Kavanaugh has No Respect for Sitting Supreme Court

Even still, Kavanaugh strongly opposed the final ruling, holding steadfast to his original belief that the government was within their rights to further delay the abortion of this young woman – ignoring decades of Supreme Court precedent on the issue, and sending a clear message about where he stands on the abortion issue more generally.

Amiri, who has largely been the public face of many of these Jane cases has spoken about her concerns over Kavanaugh’s nomination – and while the ACLU does not endorse or oppose SCOTUS candidates, she’s made it clear that Kavanaugh’s decision in the Jane Doe case speaks volumes. Kavanaugh has said publicly that sees Roe v. Wade as “settled law,” when pressed as to whether or not he would overturn the landmark decision as a sitting Supreme Court judge, but as we recently found out – privately, he's expressed a different view. And as Amiri warns, overturning Roe is far from the only way to gut abortion access in this country – as evidenced not only by Kavanaugh’s ruling in the Jane Doe case, but by the avalanche of abortion restrictions this country has seen over the last decade. Restrictions that Kavanaugh as a Supreme Court judge could easily uphold, effectively restricting or obliterating abortion access without technically overturning Roe.

The Future of Abortion Access

Much has been made about Kavanaugh’s dangerous record on issues like presidential infallibility, and the lack of transparency surrounding his time in the Bush White House, but we cannot let that overshadow his ruling in the Jane Doe case, and what it means for abortion rights in this country. Too often, the issue of abortion is sidelined; regarded as a political third rail – too “controversial” to be championed or spoken about boldly and unapologetically. Abortion access for minors is even more contentious, and some on the left even support parental involvement laws, wrongly assessing them as moderate child protection laws instead of unnecessary and cruel burdens on a constitutionally protected right. We cannot let the intersection of these two phenomena – the ways in which we already marginalize abortion access as an issue, and the stigmatization minor’s access in particular – to create a weakness where Kavanaugh’s record on these issues is overlooked.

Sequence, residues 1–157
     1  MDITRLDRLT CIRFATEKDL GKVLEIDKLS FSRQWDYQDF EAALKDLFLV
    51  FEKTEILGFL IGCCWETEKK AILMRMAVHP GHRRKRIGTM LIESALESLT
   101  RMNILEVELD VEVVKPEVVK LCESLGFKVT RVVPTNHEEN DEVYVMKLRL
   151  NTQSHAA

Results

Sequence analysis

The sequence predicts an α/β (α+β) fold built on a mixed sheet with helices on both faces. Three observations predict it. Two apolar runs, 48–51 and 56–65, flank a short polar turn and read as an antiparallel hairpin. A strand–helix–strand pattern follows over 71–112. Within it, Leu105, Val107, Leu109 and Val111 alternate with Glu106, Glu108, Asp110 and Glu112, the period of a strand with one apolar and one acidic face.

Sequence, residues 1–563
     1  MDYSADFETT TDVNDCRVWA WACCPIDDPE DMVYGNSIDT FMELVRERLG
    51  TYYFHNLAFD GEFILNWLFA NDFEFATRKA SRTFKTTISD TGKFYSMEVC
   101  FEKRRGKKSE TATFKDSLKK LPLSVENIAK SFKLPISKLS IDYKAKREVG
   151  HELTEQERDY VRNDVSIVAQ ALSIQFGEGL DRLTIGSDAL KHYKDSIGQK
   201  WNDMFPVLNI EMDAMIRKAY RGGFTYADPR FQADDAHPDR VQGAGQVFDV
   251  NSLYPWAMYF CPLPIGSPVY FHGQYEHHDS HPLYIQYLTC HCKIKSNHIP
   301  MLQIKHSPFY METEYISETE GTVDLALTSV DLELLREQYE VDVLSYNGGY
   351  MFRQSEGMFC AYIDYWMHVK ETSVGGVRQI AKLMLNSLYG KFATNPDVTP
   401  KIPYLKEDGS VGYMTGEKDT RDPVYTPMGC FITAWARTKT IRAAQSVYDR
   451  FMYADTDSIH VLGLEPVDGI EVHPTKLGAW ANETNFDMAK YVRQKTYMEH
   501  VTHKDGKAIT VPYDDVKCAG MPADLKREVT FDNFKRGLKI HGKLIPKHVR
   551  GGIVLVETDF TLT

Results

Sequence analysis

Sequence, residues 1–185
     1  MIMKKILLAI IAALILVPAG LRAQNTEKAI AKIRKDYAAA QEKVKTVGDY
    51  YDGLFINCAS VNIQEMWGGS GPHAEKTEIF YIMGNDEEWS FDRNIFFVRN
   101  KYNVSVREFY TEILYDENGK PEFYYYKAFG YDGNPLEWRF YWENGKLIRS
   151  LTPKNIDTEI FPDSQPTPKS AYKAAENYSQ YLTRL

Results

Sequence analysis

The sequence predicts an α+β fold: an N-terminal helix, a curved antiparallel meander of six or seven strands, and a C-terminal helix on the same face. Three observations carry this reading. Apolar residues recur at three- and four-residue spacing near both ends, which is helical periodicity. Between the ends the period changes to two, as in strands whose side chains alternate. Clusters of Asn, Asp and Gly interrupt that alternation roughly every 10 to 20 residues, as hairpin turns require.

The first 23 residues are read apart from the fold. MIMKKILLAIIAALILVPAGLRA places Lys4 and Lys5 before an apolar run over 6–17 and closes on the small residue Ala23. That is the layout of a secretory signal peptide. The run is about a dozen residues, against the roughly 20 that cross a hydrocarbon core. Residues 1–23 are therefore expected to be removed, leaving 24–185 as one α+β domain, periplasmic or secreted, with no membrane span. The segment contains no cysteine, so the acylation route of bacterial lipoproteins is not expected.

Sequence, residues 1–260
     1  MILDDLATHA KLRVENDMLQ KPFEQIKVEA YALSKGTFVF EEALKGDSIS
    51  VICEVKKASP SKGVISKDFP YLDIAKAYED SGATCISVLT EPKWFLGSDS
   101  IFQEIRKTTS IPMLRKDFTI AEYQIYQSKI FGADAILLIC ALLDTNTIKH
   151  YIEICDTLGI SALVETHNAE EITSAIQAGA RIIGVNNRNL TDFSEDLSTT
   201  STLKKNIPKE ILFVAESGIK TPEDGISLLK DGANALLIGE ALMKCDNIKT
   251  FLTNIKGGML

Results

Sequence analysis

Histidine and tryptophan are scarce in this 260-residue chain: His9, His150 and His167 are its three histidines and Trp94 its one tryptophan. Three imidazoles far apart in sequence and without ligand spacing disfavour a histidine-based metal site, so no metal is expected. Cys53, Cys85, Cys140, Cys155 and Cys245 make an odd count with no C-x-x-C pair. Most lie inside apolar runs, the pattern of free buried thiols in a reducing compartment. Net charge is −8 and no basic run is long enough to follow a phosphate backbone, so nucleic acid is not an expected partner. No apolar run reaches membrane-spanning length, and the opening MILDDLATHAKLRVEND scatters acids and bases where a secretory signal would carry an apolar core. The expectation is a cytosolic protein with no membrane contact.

As hearings for Kavanaugh’s SCOTUS candidacy move forward on Capitol Hill, it’s important to speak loudly and clearly about the future of abortion in this country and what Kavanaugh’s record means for this fundamental right. Bring it up when you call your Senators, when you talk to your friends, your coworkers, you peers – do it for Jane, and for all the pregnant people who have been dehumanized by the likes of people like Kavanaugh.

Mad? Good. Here's a script to read to your Senator:

Hi, my name is [Name], and I'm a constituent from [City].

I'm calling to demand Senator [Name] oppose Brett Kavanaugh’s nomination to the Supreme Court due to his history of ruling against reproductive rights. Womxn should not have to live in fear that their right to choose to terminate a pregnancy or obtain birth control could be swept away by adding Kavanaugh to the Supreme Court.

Thank you for your time and attention.

[IF LEAVING A VOICEMAIL: please leave your full street address to ensure your call is tallied.]

Script from Find your Senator's number there!

Caroline Reilly is a reproductive justice advocate and a law student based in Boston, MA. You can find her work on Bitch MediaRewireScarleteenFrontline (PBS), and Death & the Maiden, and where she writes about abortion, medical misogyny, death phobia and more. Additionally, her writing on abortion access for minors, which gained national recognition, can be found here. Find her on Twitter at @ms_creilly.

Photo Credit: Sarah Epperson